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Hydrosilylation

Introduction

Hydrosilylation, also known as hydrosilation, is one of the most useful catalytic reactions leading to the formation of organsilanes and organosilicones, which have a variety of applications in industry and as intermediates in organic chemistry. Hydrosilylation occurs via the addition of H-Si to an unsaturated bond such as carbon-carbon bond, carbon-oxygen bond, carbon-nitrogen bond, nitrogen-nitrogen bond and nitrogen-oxygen bond using a metal catalyst, Lewis Acid, or radical initiator.  The basic reaction can be described using the following scheme:

Mechanism of Metal Catalyzed Hydrosilanes

Hydrosilylation reaction is often completed with the association of a transition metal catalyst. In the first reported hydrosilylation reaction, the reaction was performed with trichlorosilane and 1-octene using crystalline diacetyl peroxide as the catalyst[3]. Due to the sensitivity and reactivity of diacetyl peroxide, safer metal catalysts are being used, the most common being platinum. Here is a typical catalyst cycle describing the mechanism:[4]

In the first step a Si-H bond undergoes oxidative addition to a metal center. The alkene coordinates and then undergoes insertion. The hydrogen is then added to the alkene through H beta-insertion. In the final step the alkylsilyl Pd(II) complex undergoes reductive elimination to deliver the adduct and return the metal to the original oxidation state.

A well-known mechanism of metal catalyzed hydrosilylation is the Chalk-Harrod mechanism. It proceeds through oxidative addition of the Si-H to the metal center and then alkene insertion to the metal hydride. Reductive elimination of Si-C then occurs and gives the final product. A modified version of the Chalk-Harrod method was also discovered where the reaction proceeds through an ethylene insertion into the metal silyl bond. Then reductive elimination of C-H occurs to give the vinylsilane product.[5]

Reactivity

The reactivity of hydrosilylation is influenced by many factors: substrate, silane, transition metal catalyst, ligand etc. which makes the reaction diverse as well as complicated. Studies have been performed to determine the reactivity influenced by each of these factors. Because there are a large variety of substrates that can be used, we will focus on alkenes. Here are some general rules:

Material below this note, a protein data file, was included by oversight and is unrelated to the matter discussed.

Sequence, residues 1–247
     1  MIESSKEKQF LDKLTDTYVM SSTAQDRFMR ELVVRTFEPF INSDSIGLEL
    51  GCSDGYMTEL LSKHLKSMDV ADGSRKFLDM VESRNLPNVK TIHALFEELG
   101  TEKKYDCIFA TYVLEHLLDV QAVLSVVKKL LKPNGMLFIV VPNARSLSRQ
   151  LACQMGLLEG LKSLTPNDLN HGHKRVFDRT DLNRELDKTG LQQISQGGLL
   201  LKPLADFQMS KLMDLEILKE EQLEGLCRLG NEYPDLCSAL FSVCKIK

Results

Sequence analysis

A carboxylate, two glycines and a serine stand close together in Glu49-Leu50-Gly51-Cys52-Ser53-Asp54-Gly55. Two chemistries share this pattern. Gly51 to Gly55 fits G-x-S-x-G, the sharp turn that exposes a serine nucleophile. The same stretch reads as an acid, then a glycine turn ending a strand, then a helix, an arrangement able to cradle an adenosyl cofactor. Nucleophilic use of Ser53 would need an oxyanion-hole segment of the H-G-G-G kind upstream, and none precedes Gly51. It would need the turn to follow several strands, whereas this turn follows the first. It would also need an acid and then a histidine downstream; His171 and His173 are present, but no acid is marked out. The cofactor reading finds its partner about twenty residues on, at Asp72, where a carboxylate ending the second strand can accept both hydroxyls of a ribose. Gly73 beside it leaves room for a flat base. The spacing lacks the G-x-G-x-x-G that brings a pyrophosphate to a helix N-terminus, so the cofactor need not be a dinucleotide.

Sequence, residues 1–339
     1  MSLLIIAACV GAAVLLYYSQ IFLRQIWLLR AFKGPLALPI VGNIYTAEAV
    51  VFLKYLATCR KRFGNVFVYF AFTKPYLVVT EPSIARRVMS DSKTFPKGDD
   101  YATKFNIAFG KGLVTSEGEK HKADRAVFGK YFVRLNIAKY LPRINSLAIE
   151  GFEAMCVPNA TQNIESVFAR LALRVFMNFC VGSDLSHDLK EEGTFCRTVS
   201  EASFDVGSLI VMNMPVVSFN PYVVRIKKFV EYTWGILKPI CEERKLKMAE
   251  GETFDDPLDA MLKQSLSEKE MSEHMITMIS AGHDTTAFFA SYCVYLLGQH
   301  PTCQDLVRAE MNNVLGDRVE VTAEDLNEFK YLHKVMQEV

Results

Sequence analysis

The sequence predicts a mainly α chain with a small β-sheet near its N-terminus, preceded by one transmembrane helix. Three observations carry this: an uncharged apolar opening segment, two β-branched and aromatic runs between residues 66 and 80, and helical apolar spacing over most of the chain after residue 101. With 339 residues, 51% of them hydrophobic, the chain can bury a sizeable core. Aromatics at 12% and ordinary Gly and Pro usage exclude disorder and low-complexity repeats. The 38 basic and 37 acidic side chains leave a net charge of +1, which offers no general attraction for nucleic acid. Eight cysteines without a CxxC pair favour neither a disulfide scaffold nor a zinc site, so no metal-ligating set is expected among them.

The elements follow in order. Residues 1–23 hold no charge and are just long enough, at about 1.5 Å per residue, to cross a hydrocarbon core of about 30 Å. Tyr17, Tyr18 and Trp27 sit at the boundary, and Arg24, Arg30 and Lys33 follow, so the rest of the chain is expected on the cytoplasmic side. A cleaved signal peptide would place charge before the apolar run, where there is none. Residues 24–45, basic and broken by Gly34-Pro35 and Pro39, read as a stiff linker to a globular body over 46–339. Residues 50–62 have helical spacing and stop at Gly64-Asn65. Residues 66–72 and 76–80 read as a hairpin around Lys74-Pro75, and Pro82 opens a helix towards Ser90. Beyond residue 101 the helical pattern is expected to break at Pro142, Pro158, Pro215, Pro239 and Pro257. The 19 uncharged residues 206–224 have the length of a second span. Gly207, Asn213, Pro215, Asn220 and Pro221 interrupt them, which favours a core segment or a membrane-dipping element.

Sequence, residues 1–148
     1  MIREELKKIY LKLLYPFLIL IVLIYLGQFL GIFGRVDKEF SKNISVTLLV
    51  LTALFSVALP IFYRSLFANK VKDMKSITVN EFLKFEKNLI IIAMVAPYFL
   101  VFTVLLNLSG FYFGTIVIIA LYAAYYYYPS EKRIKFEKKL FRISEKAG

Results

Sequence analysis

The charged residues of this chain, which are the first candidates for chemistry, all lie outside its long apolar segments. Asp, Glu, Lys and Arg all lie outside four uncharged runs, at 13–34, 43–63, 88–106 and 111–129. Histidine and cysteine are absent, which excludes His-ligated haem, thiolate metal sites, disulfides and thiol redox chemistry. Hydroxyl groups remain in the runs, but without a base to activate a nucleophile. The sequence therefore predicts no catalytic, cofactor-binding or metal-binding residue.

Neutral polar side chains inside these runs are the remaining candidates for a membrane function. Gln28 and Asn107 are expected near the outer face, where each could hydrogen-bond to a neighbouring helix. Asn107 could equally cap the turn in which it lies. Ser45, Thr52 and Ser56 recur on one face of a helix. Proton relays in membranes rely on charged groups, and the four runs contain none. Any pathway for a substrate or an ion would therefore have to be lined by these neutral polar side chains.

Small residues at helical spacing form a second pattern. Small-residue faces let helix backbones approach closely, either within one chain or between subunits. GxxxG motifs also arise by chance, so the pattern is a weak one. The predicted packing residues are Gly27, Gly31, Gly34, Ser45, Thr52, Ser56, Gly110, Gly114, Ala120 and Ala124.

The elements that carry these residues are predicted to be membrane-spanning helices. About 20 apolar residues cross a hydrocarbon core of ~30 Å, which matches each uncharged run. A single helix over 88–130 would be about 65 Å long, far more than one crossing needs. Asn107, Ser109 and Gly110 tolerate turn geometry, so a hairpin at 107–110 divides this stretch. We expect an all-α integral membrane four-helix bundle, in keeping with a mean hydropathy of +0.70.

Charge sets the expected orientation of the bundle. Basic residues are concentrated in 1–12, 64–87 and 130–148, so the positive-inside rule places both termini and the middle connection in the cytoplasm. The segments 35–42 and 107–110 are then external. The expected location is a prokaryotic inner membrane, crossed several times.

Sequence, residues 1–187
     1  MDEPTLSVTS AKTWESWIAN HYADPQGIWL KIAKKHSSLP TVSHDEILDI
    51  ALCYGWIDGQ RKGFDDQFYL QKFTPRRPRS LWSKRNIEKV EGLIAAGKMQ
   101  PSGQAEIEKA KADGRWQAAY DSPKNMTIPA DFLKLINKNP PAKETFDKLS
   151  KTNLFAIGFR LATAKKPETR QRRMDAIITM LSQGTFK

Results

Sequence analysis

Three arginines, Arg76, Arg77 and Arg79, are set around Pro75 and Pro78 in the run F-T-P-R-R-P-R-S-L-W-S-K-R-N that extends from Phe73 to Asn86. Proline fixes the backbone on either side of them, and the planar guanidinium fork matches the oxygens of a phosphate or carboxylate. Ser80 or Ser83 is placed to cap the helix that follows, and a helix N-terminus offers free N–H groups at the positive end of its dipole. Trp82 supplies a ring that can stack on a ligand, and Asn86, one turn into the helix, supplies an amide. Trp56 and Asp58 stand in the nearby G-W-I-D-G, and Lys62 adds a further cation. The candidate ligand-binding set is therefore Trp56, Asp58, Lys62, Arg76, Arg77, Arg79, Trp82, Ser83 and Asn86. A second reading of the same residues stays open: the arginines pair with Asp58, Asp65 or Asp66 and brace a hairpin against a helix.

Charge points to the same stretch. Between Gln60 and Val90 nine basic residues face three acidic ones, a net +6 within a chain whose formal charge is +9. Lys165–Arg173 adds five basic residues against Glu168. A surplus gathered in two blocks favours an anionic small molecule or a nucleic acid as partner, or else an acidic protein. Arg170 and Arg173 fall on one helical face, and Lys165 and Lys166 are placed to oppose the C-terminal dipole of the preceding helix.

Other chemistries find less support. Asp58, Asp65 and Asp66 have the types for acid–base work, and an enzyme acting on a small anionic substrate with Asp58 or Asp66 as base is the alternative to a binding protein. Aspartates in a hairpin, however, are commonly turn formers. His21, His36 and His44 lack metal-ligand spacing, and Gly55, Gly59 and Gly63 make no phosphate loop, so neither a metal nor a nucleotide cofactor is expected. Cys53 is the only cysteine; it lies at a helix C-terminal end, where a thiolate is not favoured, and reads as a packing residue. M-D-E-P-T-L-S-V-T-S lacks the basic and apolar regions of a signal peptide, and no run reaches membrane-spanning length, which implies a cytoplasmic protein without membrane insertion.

Substrate Group: Alkene

Reaction rate: 1-alkene > 2-alkene > 3-alkene

Generally, the more substituted the alkene group, the slower the reaction would be. This is due to the more substituted alkene group being bulkier, therefore it will be harder for the alkene coordination to happen to the metal. More substituted alkene groups also make it more difficult for the H atom to undergo compete beta-insertion.

Silyl Group

Reaction rate: SiHCl3 > (C6H5)3SiH > (C2H5)3SiH

                V0(105): 110            12                    1.2

From this set of data, we can derive that the rate of reactivity would increase depending on the substituted groups on the silanes. The order of reactivity is: chlorine > aromatic rings > alkanes. However, this rule is not always true. If we substituted the aromatic groups in (C6H5)3SiH with Cl, the reaction rate would be:

Reaction rate: (C6H5)3SiH > (C6H5)2SiH2 > (C6H5)SiH3

                V0(105): 12              1.7                 0.69

This shows that the substituted groups do not affect the reactivity individually. The overall regularity for change of silanes is complicated and varies with each group.

Transition Metal